By William S. McLean, Lumberton, NC
At a time before and during the Civil War, Alexander Graham (1800-1865) and his wife, Elizabeth Purcell Graham (1806-1888) lived in a Greek Revival cottage on the east side of the Cheraw to Fayetteville Road, now Highway 401, two miles above Gilchrist Bridge on the Lumber River, in what was then the upper reaches of Robeson County. That part of Robeson County where the home was located was to become a part of Hoke County upon the formation of Hoke in 1811. Many of the Graham neighbors were related; Mrs. Graham’s sister lived across the road in a two story house (still standing), two of her brothers not more than two miles distant and an uncle at Mill Prong, three miles distant. All had large families. The Grahams, like their other neighbors, related and unrelated, were Presbyterian descendants of Highland Scots. Deep tragedy was unknown to them and while the Grahams had lost two children in infancy, six others had survived to reach their majority. Two sons served in the Confederate army. Their lives were tranquil until the arrival of General W. T. Sherman and his army.
On March 8, 1865, General Sherman crossed over the North Carolina line, having left a path of destruction in South Carolina, and camped near Laurel Hill Presbyterian Church, ten miles south of the Graham home. The Yankee soldiers thought the area looked “real northern like. Small farms and nice white tidy dwellings”. Torrential rains had set in and “the roads became a sea of mud and water.” Sherman remarked, “It was the damnest marching I ever saw.”1
March 8, 1865, the day the Federals crossed into North Carolina, was also a busy day for the Confederates. At 10:30 AM, a dispatch from General Beauregard in Charlotte to General Johnston in Fayetteville was as follows: “I respectfully suggest that Governor Vance and yourself call on the people residing along Sherman’s supposed line of march to remove temporarily all their supplies and animals at least twenty miles to the right or left of his flank routes.” At 12:15 PM, Major General Wheeler sent a dispatch to Major McClellan giving his opinion that “the main column of the enemy will move on the road from Cheraw to Fayetteville or on roads near to and parallel to that road as it passes through a fruitful country.” General Wheeler continued that the Confederates should take possession of the Gilchrist Bridge over Lumber River and the two bridges above it. A dispatch from Lt. Col. Montgomery to Major Taylor recited that all three bridges had been lost and the Confederates had retired to Antioch Church. At 4 PM, a dispatch from Asst. Adjutant General Anderson in Fayetteville to General Wade Hampton recited that the detachment at Antioch Church was “the only force known to us between this place and the enemy”.2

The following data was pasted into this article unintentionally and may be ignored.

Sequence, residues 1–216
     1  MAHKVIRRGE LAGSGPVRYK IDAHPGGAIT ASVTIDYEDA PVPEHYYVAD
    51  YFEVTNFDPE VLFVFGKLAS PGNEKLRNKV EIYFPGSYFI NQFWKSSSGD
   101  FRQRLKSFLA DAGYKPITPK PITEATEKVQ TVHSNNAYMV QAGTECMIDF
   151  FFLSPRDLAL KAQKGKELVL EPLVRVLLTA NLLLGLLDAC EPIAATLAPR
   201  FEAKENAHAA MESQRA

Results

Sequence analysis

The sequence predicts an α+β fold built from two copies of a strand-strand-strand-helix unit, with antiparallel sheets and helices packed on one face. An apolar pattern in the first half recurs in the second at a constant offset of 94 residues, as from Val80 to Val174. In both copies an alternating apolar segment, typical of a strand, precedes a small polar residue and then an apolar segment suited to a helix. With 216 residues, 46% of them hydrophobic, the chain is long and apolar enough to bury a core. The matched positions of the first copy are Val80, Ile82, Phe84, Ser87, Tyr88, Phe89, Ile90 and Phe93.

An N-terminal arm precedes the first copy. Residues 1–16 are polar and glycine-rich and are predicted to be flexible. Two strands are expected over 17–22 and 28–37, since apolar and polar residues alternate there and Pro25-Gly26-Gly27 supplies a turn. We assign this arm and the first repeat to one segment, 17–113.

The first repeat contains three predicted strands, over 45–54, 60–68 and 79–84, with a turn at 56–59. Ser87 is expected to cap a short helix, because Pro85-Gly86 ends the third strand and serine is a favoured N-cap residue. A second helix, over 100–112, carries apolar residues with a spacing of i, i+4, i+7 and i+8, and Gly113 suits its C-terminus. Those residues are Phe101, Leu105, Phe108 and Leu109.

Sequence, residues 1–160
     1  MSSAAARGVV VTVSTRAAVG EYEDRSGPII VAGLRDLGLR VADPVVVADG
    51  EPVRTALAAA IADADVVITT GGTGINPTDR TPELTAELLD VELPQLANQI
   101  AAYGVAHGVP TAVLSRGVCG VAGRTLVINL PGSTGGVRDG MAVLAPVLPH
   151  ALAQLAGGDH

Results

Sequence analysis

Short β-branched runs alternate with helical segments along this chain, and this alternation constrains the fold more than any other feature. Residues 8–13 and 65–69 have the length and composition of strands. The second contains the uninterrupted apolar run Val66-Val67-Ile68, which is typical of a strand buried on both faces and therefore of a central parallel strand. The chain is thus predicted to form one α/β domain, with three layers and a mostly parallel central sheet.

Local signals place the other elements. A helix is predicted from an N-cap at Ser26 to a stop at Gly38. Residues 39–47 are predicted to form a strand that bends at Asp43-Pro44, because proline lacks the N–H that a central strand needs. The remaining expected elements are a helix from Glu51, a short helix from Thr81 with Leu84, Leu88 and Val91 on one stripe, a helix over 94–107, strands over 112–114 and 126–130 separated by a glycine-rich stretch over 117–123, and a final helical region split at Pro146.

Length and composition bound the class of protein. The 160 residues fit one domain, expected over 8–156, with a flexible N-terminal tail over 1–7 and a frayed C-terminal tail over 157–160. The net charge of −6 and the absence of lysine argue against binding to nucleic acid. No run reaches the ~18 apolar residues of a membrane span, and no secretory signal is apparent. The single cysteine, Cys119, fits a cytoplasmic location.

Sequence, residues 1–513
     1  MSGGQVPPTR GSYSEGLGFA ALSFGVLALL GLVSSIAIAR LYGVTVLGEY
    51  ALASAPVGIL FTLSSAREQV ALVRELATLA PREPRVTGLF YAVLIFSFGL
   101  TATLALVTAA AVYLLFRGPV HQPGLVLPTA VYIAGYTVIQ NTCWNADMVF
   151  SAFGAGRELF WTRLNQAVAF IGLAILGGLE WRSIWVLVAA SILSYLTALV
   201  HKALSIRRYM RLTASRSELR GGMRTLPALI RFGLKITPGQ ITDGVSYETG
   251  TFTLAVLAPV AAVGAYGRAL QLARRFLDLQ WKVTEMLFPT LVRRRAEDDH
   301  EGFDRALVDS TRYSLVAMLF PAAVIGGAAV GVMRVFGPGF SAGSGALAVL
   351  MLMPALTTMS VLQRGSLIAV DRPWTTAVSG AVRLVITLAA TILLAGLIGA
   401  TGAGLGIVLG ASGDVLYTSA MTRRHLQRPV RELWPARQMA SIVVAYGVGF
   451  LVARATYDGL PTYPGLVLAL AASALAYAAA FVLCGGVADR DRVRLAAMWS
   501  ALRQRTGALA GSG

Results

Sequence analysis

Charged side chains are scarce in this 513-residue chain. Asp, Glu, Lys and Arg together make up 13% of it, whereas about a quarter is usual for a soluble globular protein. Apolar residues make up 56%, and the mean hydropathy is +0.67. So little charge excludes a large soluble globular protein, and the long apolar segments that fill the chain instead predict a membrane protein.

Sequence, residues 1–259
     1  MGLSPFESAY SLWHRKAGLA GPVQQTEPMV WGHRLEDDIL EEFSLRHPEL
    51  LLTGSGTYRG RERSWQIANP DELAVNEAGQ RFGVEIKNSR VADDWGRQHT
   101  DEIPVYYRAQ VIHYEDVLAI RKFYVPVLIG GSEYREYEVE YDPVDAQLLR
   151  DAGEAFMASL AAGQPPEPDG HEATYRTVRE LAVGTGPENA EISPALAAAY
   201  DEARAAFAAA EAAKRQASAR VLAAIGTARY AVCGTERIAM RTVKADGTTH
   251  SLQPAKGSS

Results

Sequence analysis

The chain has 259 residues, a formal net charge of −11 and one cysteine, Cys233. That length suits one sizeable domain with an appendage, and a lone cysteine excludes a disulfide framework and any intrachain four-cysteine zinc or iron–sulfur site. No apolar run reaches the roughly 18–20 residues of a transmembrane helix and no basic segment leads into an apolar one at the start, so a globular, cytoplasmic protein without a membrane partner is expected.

Antioch Presbyterian Church stands today between Red Springs and Raeford on Highway 211, some ten miles east of Gilchrist Bridge and the Graham home. The present church building was constructed after the Civil War but replaced an existing building on the same site.
On March 9, 1865, the Federals crossed the Lumber River at Gilchrist Bridge and entered Robeson County. General Sherman took refuge for the night in Bethel Presbyterian Church, also located in Robeson County, five miles north of Gilchrist Bridge and two miles above the Graham home, all in a “terrible storm of rain”. Sherman “stretched himself out on one of the wooden pews for the night.” Someone left a penciled memo in the Church bible, “Mr. McNeill will please pray for old Abe, – By Order – W. T. Sherman – Major General Commanding U. S. Forces.”3